Cinnamon is the second most popular spice in the U.S. and Europe. Research shows that it’s beneficial for diabetes, Candida, H. pylori, and other health problems. But beware: This spice is making some people very sick.
In fact, it is even causing liver damage in people who are particularly sensitive when they eat large quantities. And some people are consuming very large quantities. Unfortunately, most people are completely unaware of its potential dangers.
You won’t find many reports on cinnamon’s safety. Most assume it’s safe. But its safety depends in part on which variety you eat.
There are two types of cinnamon. Ceylon cinnamon is thinner, tastes sweet, and is more expensive. Most cinnamon you get from supermarkets is the less expensive Cassia cinnamon. It comes from China and Indonesia.
The problem with cinnamon is with a natural flavoring it contains. This natural flavoring is coumarin. Not Coumadin, the blood-thinner, but coumarin. And studies have discovered that high levels of coumarin can cause liver damage in sensitive people.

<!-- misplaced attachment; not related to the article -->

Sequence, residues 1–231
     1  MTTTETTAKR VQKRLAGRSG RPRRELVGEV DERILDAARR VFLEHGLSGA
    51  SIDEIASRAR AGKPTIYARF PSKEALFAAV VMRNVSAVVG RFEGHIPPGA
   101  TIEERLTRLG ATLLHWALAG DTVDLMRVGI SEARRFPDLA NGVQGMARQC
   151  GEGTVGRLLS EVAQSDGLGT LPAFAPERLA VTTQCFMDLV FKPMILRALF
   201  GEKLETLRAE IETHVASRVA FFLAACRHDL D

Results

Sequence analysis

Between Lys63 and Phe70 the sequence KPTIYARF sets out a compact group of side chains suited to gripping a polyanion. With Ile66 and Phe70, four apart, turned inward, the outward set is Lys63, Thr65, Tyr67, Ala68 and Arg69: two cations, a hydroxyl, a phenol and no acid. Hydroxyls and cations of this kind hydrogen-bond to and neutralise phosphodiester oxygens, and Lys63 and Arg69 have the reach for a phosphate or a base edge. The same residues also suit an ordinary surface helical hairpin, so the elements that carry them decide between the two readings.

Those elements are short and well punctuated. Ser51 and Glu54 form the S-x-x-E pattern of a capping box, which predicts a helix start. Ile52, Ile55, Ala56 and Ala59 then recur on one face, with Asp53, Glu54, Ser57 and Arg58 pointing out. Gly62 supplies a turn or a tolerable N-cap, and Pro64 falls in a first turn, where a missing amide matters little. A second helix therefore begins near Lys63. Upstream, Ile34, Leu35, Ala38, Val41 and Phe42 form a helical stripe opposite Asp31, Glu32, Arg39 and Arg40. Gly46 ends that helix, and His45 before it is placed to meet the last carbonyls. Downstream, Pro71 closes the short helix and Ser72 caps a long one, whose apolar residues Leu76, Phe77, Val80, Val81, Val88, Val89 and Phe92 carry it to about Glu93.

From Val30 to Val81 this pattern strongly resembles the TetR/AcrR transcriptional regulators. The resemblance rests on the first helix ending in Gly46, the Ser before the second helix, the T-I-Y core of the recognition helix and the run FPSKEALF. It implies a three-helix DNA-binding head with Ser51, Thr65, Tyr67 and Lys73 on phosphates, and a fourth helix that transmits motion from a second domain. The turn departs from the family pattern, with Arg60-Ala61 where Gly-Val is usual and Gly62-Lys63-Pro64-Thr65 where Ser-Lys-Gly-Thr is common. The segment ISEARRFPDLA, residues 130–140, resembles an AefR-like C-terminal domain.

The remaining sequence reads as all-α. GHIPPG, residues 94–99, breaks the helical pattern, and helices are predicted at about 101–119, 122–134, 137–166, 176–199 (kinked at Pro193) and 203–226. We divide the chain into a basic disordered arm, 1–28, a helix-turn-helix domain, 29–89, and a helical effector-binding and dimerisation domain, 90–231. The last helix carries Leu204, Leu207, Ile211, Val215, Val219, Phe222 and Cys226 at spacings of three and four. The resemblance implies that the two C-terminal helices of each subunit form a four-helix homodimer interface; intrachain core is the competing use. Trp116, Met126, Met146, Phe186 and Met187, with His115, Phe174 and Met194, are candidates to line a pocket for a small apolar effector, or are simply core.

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Cassia cinnamon has much higher levels of coumarin than Ceylon cinnamon — up to 63 times more! But that’s not all. When scientists analyzed 91 samples of Cassia cinnamon purchased in supermarkets, they found a wide range of coumarin levels. Then they analyzed Cassia cinnamon samples from five trees in Indonesia. The amount of coumarin varied greatly, even among samples from the same tree.
So what should you do?
If you want to take cinnamon for any health condition, take small amounts. This is one case where more is not necessarily better. Get a blood test to assess your liver function before starting any high-cinnamon regime. Take a break from it periodically and eat plenty of green vegetables to support your liver.
Unless the cinnamon you’re taking has been tested, there’s no way you can know how much coumarin you’re getting. And you don’t want to discover that you’re sensitive to coumarin after it damages your liver.
Your voice of reason in Women's Health,
Dr. Janet Zand
"Quantification of Flavoring Constituents in Cinnamon: High Variation of Coumarin in Cassia Bark from the German Retail Market and in Authentic Samples from Indonesia", Biology & Nature, Nov 3, 2010.